Animation of the Day: Canine Effigy Smoking Pipe

by Bernard K. Means, Director of the Virtual Curation Laboratory (VCL)

181_canine pipeToday’s animation is a clay smoking pipe that was made and used by the Susquehannock Indians during the early 1600s A.D. It represents a canine and may have been a totem animal.Ethnohistorian Matthew T. Bradley has suggested to VCL that this animal may be a fox, as the Fox clan has been documented historically among the Susquehannock (Bradley 2008:4). Unlike other smoking pipes of this period that we have scanned in the VCL, this canine looks at the smoker rather than facing away.  The pipe was recovered from a deep silo-shaped pit of the Funk Phase period (ca 1400-1550 AD.) at the Shenks Ferry (36LA2) site and is within the archaeological collections of The State Museum of Pennsylvania.  A video produced for Instagram by Archaeology in the Community in the Virtual Curation Laboratory features the VCL’s Digital Zooarchaeologist Mariana Zechini discussing the smoking pipe, using a printed version made with a MakerBot Replicator.  The InstaGram video can be found here:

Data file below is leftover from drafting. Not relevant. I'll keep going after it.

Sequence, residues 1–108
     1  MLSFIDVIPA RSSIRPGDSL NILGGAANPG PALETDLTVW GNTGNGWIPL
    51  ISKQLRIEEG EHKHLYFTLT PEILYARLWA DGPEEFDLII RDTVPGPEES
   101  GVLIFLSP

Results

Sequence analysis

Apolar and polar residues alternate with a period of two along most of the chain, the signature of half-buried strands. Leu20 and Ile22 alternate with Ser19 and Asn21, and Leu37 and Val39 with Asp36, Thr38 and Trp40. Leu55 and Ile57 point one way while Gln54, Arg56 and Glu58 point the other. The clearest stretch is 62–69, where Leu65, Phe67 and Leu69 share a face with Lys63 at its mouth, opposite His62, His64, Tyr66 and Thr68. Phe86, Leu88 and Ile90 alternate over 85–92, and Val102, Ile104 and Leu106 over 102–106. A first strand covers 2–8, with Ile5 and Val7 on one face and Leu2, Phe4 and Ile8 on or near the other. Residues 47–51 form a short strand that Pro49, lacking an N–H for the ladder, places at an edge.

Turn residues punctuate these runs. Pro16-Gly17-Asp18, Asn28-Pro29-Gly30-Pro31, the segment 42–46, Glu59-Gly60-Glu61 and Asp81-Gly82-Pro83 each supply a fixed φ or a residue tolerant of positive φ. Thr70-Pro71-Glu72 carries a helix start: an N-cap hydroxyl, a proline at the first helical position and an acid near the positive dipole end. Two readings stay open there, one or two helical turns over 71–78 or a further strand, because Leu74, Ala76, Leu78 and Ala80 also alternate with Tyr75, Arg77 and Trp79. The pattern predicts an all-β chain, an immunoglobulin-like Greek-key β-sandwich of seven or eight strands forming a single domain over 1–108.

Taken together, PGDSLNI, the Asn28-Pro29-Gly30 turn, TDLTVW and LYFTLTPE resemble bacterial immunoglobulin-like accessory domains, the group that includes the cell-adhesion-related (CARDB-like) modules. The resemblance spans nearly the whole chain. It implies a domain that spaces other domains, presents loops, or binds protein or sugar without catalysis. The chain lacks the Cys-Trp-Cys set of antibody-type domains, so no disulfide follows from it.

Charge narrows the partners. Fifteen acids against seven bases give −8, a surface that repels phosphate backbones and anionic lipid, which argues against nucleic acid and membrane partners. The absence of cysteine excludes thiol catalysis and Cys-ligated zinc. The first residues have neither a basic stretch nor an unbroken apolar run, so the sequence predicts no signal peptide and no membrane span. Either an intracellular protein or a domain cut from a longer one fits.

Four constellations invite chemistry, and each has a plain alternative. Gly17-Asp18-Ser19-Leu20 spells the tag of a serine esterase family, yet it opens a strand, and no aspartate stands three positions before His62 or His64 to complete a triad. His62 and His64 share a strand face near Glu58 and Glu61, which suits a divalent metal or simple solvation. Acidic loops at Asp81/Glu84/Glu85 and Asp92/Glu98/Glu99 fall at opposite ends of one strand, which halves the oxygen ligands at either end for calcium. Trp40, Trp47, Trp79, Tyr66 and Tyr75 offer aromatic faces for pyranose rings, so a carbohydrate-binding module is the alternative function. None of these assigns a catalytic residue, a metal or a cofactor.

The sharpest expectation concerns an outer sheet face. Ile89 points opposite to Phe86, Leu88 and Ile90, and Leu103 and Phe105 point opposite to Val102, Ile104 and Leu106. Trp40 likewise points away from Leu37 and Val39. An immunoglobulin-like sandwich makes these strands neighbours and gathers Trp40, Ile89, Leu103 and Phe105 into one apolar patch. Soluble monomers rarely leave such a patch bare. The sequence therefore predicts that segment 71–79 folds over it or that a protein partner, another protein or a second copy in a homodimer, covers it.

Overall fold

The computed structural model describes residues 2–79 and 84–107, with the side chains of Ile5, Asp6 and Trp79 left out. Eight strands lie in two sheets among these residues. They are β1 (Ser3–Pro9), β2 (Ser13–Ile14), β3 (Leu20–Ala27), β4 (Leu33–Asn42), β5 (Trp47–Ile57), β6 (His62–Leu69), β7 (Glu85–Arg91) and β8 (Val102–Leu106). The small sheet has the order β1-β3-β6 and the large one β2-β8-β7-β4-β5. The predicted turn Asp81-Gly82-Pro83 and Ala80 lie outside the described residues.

Reference cited:

Bradley, Matthew Timothy
2008 The development of Iroquoian clans. Paper presented at the Conference on Iroquois Research, Rensselaerville, N.Y., October 3–5, 2008. Available online at:

Categories: 17th century, Animation of the day, Gallery, Smoking pipe, Susquehannock, The State Museum of Pennsylvania, zoomorphic | Tags: , , , | 2 Comments

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2 thoughts on “Animation of the Day: Canine Effigy Smoking Pipe

  1. Maybe this article is relevant?

    Wonderley, Anthony. 2005. “Effigy pipes, diplomacy, and myth: exploring interaction between St. Lawrence Iroquoians and eastern Iroquois in New York State.” American Antiquity 70 (2): 211–40.

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